This is currently a work in process.
The software side
Driving the inclusion of the sophisticated features in vehicles today and going forward, are emissions reduction, safety, reliability and connectivity, according to Marc Serughetti, director of business development for system-level solutions at Synopsys.
“Those drive a lot of what is happening at the system level in the automotive sector because with those four trends, the role of electronics is critical. Of course when you talk about things like emissions, there are going to be things related to material, etc., but it’s considered that embedded software, for example, in the powertrain has a very significant role to play when it comes to reducing emissions. What this means in terms of electronics is that it’s not just software—there’s obviously more hardware content that’s coming in all of this—but hardware by itself is not enough. The software brings intelligence on the top of the hardware. With more hardware and more software, the real challenge is that with all of these systems in the car are connected to each other, they are all interdependent,” he explained.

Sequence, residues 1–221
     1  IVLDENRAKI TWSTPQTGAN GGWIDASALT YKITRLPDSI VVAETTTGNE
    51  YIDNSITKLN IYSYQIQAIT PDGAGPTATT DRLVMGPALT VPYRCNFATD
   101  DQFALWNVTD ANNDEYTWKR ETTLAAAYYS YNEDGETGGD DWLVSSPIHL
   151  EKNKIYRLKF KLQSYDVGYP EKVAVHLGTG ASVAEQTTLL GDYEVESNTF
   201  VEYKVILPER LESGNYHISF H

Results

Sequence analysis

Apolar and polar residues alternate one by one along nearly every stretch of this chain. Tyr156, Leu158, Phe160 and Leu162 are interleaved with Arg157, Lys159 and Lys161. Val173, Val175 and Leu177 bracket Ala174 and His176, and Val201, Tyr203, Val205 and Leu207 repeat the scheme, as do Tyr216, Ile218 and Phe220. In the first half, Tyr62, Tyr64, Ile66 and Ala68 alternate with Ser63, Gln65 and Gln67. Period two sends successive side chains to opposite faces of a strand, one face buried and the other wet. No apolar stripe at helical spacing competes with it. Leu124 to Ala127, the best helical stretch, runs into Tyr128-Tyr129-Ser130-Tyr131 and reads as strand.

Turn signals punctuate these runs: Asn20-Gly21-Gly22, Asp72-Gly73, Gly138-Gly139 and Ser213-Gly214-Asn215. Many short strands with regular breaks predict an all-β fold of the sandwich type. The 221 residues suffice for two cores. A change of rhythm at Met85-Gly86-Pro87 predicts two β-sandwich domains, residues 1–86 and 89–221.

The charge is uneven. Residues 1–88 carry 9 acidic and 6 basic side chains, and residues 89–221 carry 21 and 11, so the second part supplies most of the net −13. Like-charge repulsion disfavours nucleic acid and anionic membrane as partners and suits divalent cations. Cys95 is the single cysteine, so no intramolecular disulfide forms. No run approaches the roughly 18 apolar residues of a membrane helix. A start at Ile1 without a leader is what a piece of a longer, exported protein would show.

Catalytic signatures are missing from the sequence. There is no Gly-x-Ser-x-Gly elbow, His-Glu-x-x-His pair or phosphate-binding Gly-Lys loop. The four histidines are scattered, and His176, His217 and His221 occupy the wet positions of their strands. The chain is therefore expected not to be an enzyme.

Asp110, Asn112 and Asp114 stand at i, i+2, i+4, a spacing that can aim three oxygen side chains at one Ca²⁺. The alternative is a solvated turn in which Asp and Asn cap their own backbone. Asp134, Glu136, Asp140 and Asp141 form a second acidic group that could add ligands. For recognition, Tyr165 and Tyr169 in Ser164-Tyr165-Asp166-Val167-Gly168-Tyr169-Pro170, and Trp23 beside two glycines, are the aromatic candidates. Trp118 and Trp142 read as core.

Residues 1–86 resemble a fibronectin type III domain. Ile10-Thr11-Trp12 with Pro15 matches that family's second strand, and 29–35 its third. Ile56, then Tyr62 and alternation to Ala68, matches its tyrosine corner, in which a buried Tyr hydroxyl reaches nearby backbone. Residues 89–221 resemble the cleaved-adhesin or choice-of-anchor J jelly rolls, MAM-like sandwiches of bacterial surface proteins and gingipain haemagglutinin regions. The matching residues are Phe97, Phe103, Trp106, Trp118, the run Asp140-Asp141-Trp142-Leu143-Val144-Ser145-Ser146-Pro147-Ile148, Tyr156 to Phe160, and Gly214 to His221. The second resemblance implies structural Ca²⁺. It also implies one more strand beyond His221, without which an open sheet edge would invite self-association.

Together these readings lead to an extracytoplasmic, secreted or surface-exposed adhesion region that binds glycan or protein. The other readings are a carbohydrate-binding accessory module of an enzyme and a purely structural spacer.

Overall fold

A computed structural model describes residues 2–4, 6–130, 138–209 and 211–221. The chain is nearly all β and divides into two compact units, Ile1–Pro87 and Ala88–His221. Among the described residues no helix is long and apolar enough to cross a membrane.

As far as software content in a midrange type of car, there are more than 200 software tasks that have to be done today, Serughetti pointed out. “Then, you’re talking about more than 500 bus signals to be taken care of. And then if you look at the hardware architecture, you’re starting to look more at 60+ ECUs in the car, multiple networks that brings all of those things together to communicate properly.”
Interdependencies between the systems are the responsibility of the OEMs, which also are bringing more complex design tasks back in-house for a variety of reasons. An example are new systems such as advanced driver assistance systems (ADAS), which OEMs can be a market differentiator. As a result they develop the IP in-house for competitive reasons.
“ADAS is essentially a brain inside the vehicle that makes all the decisions for the driver,” said Serughetti. “Therefore it is more than just a simple subsystem. It connects a number, if not the majority, of subsystems in a vehicle. The interesting part is that the solution is not a solution that the OEM has to figure out. It’s a solution that the industry has to figure out. There’s a supply chain in all of this…and how all of those companies are going to be able to work better together. In the past, many issues could be addressed by throwing more engineering resources at the problem, but we’ve reached a point in the complexity where this is not a solution anymore.”